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It's probably safe to say that Oscar Peterson has never shown much understanding of restraint in the course of his lengthy career, and indeed it might be argued that his whole approach to the piano has always run the the risk of coming across as the triumph of technique.
Things are a little different on Birth of a Legend. The music was recorded between 1949 and 1953, and during this period, Peterson's characteristically ebullient swing was like the most benevolent force of nature, rather than the work of a musician who viewed piano playing as some triumph of the will. Indeed, on "I Only Have Eyes For You," he sounds like the best amalgam of Art Tatum and Bud Powell, even while he lacked the incendiary qualities of the latter. He does however prove himself to have been capable of reproducing Charlie Parker's lines on "Padovane," where his lust for life is only too apparent.
The programme is split between piano/bass duos and trio tracks; the addition of either Herb Ellis or Barney Kessel on guitar sees the establishment of a lineup that Peterson's main influence, Tatum, worked in with much success. This trio music has the warmth and ebulliencethat word againthat perhaps fell away the longer Peterson maintained a unit, and "Swingin' Till The Girls Come Home" as it's put across here by Peterson, Ellis and Brown reflects a group at the top of its game. "Tenderly" also offers evidence of how multifaceted the group with Ellis could be, and the Carnegie Hall audience appears audibly surprised by the restraint it shows.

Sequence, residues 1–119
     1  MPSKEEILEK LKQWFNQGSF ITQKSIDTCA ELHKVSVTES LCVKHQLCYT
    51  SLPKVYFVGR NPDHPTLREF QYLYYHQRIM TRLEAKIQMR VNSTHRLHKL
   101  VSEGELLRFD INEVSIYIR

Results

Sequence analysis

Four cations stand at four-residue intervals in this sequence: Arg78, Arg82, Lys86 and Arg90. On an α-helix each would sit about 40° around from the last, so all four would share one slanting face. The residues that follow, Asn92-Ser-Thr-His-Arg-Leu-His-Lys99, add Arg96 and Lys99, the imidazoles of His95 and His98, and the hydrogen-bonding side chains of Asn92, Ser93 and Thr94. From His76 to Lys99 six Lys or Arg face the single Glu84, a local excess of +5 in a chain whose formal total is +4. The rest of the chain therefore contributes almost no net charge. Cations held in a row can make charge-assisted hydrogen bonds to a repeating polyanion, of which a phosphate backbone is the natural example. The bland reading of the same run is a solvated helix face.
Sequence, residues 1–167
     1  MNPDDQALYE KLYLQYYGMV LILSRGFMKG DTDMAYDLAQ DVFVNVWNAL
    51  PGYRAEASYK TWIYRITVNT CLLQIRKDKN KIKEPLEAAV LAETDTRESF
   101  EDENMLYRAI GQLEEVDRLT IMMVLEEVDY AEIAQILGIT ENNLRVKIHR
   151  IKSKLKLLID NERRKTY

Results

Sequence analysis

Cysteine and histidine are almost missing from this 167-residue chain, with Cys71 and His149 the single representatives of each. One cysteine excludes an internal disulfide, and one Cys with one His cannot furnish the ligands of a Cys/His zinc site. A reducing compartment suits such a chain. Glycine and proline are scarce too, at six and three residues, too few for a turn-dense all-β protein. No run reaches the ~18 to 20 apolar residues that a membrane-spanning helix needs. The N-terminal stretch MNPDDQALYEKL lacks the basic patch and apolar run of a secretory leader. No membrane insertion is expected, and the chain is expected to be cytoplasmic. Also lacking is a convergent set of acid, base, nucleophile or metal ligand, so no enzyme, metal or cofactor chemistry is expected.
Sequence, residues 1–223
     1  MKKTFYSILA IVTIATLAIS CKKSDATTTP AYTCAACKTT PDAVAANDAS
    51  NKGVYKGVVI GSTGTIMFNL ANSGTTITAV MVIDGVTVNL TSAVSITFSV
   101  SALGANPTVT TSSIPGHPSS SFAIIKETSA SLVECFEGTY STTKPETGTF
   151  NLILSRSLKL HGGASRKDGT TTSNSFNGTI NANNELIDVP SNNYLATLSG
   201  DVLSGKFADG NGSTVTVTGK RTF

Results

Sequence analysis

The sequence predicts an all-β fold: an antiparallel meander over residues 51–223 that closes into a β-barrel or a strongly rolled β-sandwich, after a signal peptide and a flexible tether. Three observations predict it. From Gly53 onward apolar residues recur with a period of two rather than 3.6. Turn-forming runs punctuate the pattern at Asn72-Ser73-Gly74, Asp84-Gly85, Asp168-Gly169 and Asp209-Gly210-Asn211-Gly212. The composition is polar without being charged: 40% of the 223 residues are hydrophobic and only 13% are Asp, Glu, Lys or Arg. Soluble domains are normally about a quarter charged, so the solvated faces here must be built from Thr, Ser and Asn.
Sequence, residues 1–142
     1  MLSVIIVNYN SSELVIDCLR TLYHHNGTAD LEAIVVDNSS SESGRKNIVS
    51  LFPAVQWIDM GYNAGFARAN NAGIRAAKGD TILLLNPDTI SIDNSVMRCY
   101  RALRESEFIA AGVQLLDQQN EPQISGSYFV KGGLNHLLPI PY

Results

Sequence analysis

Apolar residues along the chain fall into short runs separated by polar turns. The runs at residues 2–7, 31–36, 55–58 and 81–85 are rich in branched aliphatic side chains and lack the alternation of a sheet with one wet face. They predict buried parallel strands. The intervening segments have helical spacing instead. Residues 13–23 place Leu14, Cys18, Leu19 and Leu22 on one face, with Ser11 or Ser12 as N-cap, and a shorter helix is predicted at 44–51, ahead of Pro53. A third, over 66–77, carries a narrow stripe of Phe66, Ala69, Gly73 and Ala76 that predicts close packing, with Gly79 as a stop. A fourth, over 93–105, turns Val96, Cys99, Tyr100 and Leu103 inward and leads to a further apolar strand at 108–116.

Anyone for whom Peterson is the first and last word on jazz piano is likely to already have this music in some form or other. The rest might just find this release the one shot they need to hear his work. Certainly a lot of his later excesses are largely absent on Birth of a Legend, and that's a recommendation in itself.
Track Listing: Fine And Dandy; I Only Have Eyes For You; Carnegie Blues; Gai; Padovane; Sweet Georgia Brown; Cheek To Cheek; C Jam Blues; Tenderly; Seven Comes Eleven; Lollobridgida; Pompton Turnpike; Swingin' On A Star; Love For Sale; Swingin' 'Till The Girls Come Home.
Personnel: Oscar Peterson: piano; Ray Brown: bass; Barney Kessel: guitar (6-10); Herb Ellis: guitar
I grew up listening to mainstream '70s rock then ended up on the staff at the college paper at San Diego State, and volunteered to review heavy metal LPs. My second semester, the music editor dropped a Fenton Robinson LP on my desk, Night Flight. You like metal; they play guitar--he plays guitar, the editor told me
I grew up listening to mainstream '70s rock then ended up on the staff at the college paper at San Diego State, and volunteered to review heavy metal LPs. My second semester, the music editor dropped a Fenton Robinson LP on my desk, Night Flight. You like metal; they play guitar--he plays guitar, the editor told me. If we don't run a review, Alligator Records is going to stop servicing us.
Night Flight opened up a whole new world for me--the blues led me, inevitably, to Basie, who led to Duke, who led to Mingus, who led to Miles, who led to ...